In article <firstname.lastname@example.org>, WM <email@example.com> wrote:
> No. Never. Since there is no "all numbers" of any infinite kind. I may have > claimed: > If there are all constructible numbers, then they form a countable set. A > countable set is by definition a set that can be listed.
But not necessarily finitely listed, and the set of all reals, which exists quite nicely OUTSIDE of WM's wild weird world of WMytheology, is provably incapable of being listed. > > > You should consider what > > your admission that this list must be non-constructable > > means (Note you cannot have non-constructable lists without > > non-constructable numbers). > > They would not help because only constructable numbers are under > consideration.
WM can limit such consideration within his his wild weird world of WMytheology, but not in the real world of real mathematics. > > But at present I assume the existence of a list of all rational numbers. > (Also that is nonsense, but we assume it like assuming that there is a > largest prime number in order to contradict it.)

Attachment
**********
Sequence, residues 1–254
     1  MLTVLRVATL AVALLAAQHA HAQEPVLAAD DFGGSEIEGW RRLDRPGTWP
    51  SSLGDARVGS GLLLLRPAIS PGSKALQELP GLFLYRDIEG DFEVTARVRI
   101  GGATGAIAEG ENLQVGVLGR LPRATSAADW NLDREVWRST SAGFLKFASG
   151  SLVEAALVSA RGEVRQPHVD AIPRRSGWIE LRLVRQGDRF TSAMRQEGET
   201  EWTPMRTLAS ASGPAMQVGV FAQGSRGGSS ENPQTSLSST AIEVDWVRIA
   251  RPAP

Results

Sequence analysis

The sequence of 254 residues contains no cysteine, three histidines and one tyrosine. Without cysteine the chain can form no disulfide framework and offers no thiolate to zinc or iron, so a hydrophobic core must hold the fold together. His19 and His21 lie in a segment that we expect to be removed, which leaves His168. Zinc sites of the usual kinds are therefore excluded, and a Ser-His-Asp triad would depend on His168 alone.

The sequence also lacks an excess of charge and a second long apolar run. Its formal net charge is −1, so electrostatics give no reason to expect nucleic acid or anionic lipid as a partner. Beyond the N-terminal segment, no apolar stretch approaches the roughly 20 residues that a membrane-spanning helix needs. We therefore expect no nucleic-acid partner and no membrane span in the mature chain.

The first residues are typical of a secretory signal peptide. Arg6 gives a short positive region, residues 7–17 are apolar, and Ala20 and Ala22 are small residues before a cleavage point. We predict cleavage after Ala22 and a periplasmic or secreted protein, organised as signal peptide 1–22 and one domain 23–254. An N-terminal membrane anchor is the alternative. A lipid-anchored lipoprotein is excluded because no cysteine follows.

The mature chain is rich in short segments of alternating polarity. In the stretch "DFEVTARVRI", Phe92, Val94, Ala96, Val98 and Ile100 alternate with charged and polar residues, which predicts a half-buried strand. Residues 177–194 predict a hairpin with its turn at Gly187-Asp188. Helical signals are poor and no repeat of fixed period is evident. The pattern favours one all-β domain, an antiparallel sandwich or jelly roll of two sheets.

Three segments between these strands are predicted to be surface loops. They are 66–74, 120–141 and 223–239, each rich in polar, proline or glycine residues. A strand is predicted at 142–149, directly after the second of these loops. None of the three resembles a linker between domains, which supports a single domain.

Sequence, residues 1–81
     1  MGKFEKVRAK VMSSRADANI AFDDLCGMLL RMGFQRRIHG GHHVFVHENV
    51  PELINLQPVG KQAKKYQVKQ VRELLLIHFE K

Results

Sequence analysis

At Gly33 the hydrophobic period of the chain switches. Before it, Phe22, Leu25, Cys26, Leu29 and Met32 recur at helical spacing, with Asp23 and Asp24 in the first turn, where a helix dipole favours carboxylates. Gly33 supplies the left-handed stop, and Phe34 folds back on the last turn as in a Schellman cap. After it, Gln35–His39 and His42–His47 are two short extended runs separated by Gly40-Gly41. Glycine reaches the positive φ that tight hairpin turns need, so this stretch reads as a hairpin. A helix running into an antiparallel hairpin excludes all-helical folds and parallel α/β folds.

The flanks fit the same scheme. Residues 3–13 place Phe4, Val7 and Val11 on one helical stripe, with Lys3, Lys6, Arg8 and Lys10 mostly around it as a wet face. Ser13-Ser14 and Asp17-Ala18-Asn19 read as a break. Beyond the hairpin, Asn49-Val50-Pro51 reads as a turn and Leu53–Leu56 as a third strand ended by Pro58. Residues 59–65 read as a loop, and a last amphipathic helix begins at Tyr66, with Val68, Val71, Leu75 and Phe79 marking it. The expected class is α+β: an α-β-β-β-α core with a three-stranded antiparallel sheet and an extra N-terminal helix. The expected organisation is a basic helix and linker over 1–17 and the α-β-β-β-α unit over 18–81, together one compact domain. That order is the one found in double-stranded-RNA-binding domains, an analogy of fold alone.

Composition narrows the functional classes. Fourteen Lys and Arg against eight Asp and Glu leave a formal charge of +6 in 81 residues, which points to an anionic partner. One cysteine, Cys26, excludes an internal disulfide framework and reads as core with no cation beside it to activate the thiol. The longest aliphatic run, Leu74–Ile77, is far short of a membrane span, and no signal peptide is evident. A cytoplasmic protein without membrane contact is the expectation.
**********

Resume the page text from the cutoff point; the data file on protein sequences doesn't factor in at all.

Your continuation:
Except that there are all sorts of examples of listing all rational numbers. I have a couple of my own.
> This list exist in > matheology. And it leads to the contradiction that every rational number > provably differs from the antidiagonal d but the antidiagonal provably does > not differ from all rational numbers.
Any such "proof" can only exist in WM's wild weird world of WMytheology, since outside of WMytheology such antidiagonals do NOT become eventually periodic but every rational must.
> Some matheologians want to make us > believe that that is not a contradiction, but obviously it is. Only inside of the hall of mirrors we call WMytheology > > Nevertheless I do not even attack this nonsensical claim but only state: > There is no sequence of digits that allows to distinguish d from all rational > numbers. That is all I claim.
But there is a general rule for the creation of such antidiagonals which makes it differ in at least one decimal place in an essential way from each number in the list, and (2) makes it impossible when constructed from a COMPLETE list of fractions to become eventually periodic.
Note that the original antidiagonal construction for a list of reals guaranteed that that antidiagonal differed from every member of the list from which it was constructed.
And that equally applies to any antidiagonalization. --